Technology helping cemeteries spring to life

Tombstones haven’t advanced much since someone figured out how to carve granite with a sharp pointy thing.

These kids have been enjoying Oakland since 1913.

These kids, who've been enjoying Oakland since 1913, use the technology of their day to keep dry.

But technology has a way of eventually improving — or destroying — everything.

QR codes, those black and white boxes of computerized gibberish on almost everything that can be scanned with smartphones, are now popping up in cemeteries.

Scanning a code takes taphophiles to a website that details the life and times of the dearly departed. The trend may be catching on, according to a story in U.S.A. Today.

Edouard Garneau, 78, of Washington, died last year. But today, if you visit his grave near Seattle, you can scan a code and read about his life and view a photo gallery of his exploits.

Garneau’s wife of 53 years said “I think it’s a neat deal. It kind of keeps people alive a little longer, down through the generations.”

Will the high-tech trend worm its way to Atlanta? I gave Oakland Cemetery, home of Margaret Mitchell, Bobby Jones and countless other celebrated Georgians, a call.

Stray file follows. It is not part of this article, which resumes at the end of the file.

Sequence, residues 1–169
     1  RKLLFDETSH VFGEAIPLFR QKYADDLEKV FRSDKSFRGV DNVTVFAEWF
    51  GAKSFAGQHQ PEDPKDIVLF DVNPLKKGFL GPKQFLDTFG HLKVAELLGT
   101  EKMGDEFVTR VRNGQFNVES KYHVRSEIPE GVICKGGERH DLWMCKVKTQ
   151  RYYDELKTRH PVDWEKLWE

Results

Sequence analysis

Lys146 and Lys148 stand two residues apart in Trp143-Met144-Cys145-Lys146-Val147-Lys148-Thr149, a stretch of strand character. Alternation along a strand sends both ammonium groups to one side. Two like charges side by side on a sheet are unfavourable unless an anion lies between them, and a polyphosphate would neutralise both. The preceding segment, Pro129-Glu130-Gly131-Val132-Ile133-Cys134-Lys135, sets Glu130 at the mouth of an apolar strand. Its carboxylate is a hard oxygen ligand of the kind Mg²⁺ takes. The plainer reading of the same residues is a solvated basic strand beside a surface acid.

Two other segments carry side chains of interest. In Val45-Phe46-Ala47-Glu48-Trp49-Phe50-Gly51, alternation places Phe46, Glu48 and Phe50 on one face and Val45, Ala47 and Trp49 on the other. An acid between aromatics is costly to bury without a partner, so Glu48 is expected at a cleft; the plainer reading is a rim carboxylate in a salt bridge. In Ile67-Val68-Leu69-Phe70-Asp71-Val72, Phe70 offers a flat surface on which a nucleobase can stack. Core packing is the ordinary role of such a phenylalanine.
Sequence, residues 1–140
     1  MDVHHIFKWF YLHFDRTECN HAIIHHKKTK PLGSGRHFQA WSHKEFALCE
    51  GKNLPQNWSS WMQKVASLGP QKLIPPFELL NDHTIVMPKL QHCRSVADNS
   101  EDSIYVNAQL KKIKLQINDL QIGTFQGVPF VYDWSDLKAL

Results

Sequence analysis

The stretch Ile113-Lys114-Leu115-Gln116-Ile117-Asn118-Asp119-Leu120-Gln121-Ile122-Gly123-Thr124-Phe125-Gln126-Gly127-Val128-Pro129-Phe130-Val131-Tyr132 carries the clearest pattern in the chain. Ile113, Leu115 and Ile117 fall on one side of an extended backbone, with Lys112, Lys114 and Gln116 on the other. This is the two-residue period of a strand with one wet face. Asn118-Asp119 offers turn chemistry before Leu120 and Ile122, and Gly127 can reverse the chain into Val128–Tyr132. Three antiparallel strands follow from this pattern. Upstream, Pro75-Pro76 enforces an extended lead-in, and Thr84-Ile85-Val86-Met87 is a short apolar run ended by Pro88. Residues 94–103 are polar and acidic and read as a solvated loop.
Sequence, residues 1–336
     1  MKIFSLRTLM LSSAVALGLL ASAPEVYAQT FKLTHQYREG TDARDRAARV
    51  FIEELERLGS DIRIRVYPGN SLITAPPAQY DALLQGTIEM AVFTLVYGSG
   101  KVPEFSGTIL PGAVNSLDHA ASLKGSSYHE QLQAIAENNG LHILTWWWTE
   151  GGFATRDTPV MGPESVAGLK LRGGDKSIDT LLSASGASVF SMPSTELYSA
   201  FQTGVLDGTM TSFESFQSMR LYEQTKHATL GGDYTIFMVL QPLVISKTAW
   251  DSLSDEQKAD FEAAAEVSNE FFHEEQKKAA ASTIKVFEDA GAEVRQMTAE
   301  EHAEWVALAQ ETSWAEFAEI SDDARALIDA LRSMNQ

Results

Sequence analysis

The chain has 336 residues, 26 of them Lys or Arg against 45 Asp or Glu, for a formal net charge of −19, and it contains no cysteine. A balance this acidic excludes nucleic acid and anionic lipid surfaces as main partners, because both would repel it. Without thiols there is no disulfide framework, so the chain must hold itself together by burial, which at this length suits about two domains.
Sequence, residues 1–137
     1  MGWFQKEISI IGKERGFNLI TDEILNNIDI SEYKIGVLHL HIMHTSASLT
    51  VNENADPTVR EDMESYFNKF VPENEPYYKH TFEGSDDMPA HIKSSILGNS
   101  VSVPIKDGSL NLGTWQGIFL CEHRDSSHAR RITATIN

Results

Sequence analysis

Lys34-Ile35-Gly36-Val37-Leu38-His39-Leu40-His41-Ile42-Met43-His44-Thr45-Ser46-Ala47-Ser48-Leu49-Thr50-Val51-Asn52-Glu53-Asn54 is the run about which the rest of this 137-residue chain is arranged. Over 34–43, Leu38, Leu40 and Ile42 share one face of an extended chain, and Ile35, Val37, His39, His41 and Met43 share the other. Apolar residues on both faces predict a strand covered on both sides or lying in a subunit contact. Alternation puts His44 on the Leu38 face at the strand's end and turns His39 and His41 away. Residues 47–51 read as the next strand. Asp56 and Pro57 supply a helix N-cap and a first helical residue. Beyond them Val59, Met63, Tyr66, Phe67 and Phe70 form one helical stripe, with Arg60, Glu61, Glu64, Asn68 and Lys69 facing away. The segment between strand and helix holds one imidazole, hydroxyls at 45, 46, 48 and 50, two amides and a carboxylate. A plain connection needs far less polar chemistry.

David Moore, executive director of the Oakland Foundation, said he’s aware of QR codes and other technological doodads popping up in cemeteries. This year, Oakland added a service that gives cellphone users a tour of the African-American section of the historic graveyard.

Other ideas, such as an iPhone app or creating holograms of famed Oakland denizens, have been floated.

“Technology has given us ways to share our story with a wider audience,” said Moore, noting that more than 30,000 folks a year visit Oakland’s park-like environs. “But you can’t beat visiting the place and witnessing it first-hand.”

He’s right. There’s something about ancient  moss-covered oaks, which gave the cemetery its name, that lend weight to the lives of the people interred there.

Perhaps it’s just as well there’s not a computer code on everything. If tombstones advanced as rapidly as men’s shaving technology, Oakland might look too much like the bridge of the starship Enterprise to enjoy a cool walk in the shade of Atlanta history.

16 comments Add your comment

Haley Reinhart

July 25th, 2011
11:37 am

Mark of the beast.

MrLiberty

July 25th, 2011
11:55 am

Can we expect the truth from these, or just the government approved version? One can only imagine what their PC version of a Confederate cemetary might “read” like.

MrLiberty

July 25th, 2011
11:56 am

Haley Reinhart – The mark of the beast will be applied to the living. 666? We have an APP for that.

LitlPoot

July 25th, 2011
12:34 pm

Done tastefully & discreetly, what a wonderful history tool! I love to visit Oakland not just for the beauty, but the history as well. It’s an amazing story of the people who lived and built the city, and how their influences reached the suburbs of today!

ssmith

July 25th, 2011
1:33 pm

Kudos LitlPoot!

Atlanta1

July 25th, 2011
1:41 pm

ls1z28chris

July 25th, 2011
2:11 pm